…now there’s a mouthful. The low carb high fat lifestyle (LCHF) is a way of eating that has been applied to many different goals. Also known by the synonym ‘Ketogenic diet,’ the idea is to switch your body from burning carbohydrates to fats. While also sometimes compared to the Paleo diet, there are some subtle differences there.
For some, LCHF is a temporary transition with the sole purpose of causing your body to burn off body fat. Here, the primary goal is weight loss, and often it is adopted only for a short period of time – weeks to months. In addition, many athletes have adopted the approach for performance reasons only. As with all things diet related however, there is ample conflicting information regarding the success of this approach.
There is, however, a third group that has adopted this lifestyle for completely different reasons. That group is Type 1 diabetics.
Cue Dr. Richard Bernstein. He has reached near-celebrity status among some in the diabetes community by touting the advantages “Intensive dietary management” of type 1 diabetes. As a type 1 diabetic myself, that also just happens to fancy himself something of an endurance athlete, I thought I owed it to myself to at least give this a try. After about 4 months, I’ve made my decision.
But first, let me be very clear here. There are many factors that come into play here. Everybody has different metabolism, different bodies, different dietary needs. What works for me may be terrible for others (or vice versa.) I’m also not a doctor. Like… at all. I’m just relating my own, personal experiences here. Do with it what you will.
Living with and managing type 1 diabetes is a continual balancing act. While maintaining proper blood sugar levels is indeed important, it must also be balanced against quality of life, as well as other (sometimes competing) overall health choices. With this in mind I started down the LCHF road.
The first couple of weeks were exactly as expected. The absence of carbs sent my metabolism into a tail-spin. Energy levels were at an all time low. Time on the bike switched from something I enjoy to something I just worked through to get to where I was going. But, also as expected, that extreme seemed to taper off.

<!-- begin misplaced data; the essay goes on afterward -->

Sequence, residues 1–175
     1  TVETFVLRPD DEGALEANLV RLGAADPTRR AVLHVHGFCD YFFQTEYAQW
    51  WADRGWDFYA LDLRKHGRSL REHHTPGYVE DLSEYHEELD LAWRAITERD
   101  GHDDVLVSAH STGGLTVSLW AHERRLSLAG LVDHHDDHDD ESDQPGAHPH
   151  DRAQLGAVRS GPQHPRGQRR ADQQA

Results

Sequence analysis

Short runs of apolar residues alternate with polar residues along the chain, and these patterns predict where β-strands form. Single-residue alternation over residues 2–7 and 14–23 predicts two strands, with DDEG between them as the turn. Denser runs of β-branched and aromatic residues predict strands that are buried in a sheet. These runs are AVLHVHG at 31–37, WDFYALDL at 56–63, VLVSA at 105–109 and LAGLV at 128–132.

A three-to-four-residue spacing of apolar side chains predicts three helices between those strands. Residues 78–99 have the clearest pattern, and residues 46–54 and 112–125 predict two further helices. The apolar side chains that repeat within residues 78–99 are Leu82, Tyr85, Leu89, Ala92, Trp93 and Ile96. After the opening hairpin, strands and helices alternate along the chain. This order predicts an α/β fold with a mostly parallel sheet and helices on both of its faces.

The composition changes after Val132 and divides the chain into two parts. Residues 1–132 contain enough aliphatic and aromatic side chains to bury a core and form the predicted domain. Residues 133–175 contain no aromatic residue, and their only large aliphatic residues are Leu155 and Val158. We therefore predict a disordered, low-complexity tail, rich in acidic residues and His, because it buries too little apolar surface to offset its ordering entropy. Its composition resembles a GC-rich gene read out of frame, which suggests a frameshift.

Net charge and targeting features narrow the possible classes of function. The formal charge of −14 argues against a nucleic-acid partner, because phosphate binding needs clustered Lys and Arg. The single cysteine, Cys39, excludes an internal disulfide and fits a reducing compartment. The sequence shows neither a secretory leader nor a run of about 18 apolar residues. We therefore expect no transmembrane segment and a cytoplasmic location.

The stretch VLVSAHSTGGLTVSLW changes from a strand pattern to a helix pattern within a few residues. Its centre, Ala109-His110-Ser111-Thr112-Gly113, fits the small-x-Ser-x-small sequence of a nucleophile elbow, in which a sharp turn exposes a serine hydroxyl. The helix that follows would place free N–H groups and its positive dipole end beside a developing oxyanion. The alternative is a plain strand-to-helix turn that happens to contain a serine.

Soon I was cruising along, pedaling more normally, and… my blood sugar levels were way more stable then they had been. Perhaps ever. One month went by… two went by. Before adopting the LCHF lifestyle it was not entirely uncommon for me to have swings of 80-100 within 30-45 minutes. Now, I was within a range of +/- 20 mg/dL throughout an entire day. Things were looking good.
But then something different started creeping in. My overall blood sugar levels were rising consistently. I found myself needing to correct for high blood sugar levels more and more. I started bumping my basal levels up. Things came back down… only to creep back up again.
One of the adaptations to the LCHF lifestyle I’d learned from others I talked to is the need to transition to taking bolus insulin in response to proteins as I previously did for carbs. I started experimenting here too, but it soon became clear that meals weren’t my problems. I would wake up in the morning and find a steady, consistent rise in blood glucose levels throughout the night on my continuous glucose monitor.